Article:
“I am pretty good at picking up software languages. I learn it all online. The internet is very good for teaching you programmes and I taught myself a lot from the internet. Coder Dojo started during the year but largely to this point I have taught myself. At school, the teachers usually ask me if they have problems with the computers.

“The one thing Coder Dojo could do is help to get schools teaching coding to the kids. That definitely needs to improve.”

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Curran isn’t short on ambition. “I’d like to be the owner of a large company. Google’s Larry Page and Sergey Brin are my inspiration. If I could get half as far as them, I’d be happy.”

The kind of potential Ireland could unleash if it gave greater support to computers in education was ably demonstrated a few years ago when two Limerick teenagers – John and Patrick Collison – sold their first technology company Auctomatic for $5m. They were just 17 and 19 at the time.

Today, they are building a new software company called Stripe, which has just attracted investment from Peter Thiel and Elon Musk, two of the biggest investors in Silicon Valley.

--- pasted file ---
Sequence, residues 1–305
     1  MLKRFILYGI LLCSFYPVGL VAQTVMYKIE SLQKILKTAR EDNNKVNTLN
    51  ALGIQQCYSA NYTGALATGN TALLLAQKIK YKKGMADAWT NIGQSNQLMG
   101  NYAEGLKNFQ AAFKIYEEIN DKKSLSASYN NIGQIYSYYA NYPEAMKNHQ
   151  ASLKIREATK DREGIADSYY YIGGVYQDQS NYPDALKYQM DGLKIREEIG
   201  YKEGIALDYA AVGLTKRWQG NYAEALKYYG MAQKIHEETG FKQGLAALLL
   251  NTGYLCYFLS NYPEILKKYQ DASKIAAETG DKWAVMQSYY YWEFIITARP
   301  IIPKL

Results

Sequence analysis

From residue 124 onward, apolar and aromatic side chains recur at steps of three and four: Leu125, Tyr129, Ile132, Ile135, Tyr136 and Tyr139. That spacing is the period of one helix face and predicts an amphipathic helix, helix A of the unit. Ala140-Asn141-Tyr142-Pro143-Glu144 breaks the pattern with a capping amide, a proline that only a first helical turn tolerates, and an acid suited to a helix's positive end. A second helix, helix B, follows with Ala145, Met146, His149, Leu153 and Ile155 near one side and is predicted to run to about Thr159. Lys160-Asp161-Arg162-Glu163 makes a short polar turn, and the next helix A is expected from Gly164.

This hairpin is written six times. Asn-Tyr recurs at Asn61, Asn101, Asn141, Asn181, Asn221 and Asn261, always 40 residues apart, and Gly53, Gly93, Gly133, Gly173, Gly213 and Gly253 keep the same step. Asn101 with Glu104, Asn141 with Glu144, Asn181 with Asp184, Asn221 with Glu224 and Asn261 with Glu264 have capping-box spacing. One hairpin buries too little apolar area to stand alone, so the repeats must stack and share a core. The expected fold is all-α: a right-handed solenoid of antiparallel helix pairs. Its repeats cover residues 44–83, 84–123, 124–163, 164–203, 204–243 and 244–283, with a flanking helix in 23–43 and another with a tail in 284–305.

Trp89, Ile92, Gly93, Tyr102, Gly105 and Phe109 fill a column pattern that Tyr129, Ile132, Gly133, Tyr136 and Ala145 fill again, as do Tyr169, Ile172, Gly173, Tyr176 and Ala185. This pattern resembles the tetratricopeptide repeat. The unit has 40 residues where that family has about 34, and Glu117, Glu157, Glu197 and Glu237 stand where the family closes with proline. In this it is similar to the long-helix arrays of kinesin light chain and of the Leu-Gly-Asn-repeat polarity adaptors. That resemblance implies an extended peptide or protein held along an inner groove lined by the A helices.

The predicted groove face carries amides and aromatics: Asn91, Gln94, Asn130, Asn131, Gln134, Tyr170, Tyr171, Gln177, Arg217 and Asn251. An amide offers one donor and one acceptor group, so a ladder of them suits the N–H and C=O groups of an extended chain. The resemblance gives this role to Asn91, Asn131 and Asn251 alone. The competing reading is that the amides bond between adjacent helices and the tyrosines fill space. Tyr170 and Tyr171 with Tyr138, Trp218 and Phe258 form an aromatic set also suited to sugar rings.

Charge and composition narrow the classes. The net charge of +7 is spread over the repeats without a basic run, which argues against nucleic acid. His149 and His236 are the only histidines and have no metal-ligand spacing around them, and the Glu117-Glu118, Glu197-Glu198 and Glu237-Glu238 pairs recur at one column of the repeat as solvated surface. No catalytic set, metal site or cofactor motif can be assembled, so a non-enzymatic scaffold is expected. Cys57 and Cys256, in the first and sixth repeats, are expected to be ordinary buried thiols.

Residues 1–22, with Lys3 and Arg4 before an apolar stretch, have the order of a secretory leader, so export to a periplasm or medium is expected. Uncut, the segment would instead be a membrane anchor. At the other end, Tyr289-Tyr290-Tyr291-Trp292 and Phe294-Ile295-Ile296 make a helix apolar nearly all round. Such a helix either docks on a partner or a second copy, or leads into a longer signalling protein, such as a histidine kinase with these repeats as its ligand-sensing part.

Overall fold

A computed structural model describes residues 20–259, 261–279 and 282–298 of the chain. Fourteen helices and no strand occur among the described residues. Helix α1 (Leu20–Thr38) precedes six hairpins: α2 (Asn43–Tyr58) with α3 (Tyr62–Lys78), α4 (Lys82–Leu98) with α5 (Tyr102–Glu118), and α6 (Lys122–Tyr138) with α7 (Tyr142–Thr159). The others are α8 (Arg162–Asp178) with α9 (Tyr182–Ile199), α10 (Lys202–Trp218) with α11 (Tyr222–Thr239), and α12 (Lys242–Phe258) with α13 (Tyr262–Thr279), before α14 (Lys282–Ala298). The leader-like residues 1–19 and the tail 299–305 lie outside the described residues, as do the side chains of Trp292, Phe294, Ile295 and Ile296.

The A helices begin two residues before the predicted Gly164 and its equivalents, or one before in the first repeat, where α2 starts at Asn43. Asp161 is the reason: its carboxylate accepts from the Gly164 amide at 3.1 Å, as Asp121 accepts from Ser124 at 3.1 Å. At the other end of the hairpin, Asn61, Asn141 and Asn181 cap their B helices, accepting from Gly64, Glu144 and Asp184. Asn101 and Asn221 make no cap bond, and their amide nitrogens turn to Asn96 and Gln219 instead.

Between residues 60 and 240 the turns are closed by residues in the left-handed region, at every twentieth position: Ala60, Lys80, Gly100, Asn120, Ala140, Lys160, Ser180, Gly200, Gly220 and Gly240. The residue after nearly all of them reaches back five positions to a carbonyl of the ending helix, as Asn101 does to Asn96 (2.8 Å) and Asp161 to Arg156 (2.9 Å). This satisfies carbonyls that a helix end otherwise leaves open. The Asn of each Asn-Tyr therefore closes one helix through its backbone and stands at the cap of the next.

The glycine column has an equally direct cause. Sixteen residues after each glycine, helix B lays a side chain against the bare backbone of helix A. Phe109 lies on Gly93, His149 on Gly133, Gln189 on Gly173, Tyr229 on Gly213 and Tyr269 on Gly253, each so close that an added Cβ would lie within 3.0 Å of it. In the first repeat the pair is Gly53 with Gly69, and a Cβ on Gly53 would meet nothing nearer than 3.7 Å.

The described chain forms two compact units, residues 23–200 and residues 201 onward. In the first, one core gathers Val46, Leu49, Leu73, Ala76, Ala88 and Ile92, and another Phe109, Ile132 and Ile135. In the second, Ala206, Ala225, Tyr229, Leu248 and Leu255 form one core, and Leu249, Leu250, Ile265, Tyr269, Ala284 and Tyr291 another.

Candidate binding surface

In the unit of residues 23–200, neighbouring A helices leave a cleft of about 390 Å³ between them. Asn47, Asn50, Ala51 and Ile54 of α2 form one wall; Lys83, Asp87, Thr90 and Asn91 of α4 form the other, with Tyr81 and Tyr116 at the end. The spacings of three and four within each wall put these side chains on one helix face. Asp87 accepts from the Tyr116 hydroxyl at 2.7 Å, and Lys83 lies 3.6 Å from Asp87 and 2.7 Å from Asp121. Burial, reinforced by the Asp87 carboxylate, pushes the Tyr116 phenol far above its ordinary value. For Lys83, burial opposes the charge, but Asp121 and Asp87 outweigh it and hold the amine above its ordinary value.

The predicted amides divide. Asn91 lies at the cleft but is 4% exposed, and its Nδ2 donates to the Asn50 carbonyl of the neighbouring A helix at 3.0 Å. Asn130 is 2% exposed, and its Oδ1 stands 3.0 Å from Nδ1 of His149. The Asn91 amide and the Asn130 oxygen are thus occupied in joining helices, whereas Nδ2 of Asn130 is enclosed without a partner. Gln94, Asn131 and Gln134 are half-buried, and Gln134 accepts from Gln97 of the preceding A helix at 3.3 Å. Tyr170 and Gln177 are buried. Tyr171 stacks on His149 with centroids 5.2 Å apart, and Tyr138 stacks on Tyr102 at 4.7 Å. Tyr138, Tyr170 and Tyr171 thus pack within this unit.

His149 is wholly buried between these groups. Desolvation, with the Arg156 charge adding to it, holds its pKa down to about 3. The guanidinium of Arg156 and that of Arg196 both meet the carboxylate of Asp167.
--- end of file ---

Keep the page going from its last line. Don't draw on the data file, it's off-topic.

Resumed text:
Tommy Collison – US ambition

The Collisons’ younger brother Tommy is currently in fifth year at secondary school and has been doing the SATs in recent months in the hope of getting a college place in America.

“It’s fairly clear that computing is fast becoming the lingua franca of the working world. Almost all jobs require – or would benefit from – a basic level of computer proficiency, but this isn’t being reflected in our education system,” he says.

“If there is nascent talent, it’s being missed. There are probably lots of kids with a lot of ability out there who aren’t getting picked up because there’s no place for them to express and further that talent, and I think that’s a real shame.

“Picture, for a minute, what it would be like if programming was taught as an option in schools, alongside maths or history or German. We’d be cultivating a generation of programmers in an era of start-ups like Facebook, Tapadoo or Stripe, my brothers’ company, and that’d leave us (Ireland, as well as those teens themselves) in a very good position for the future.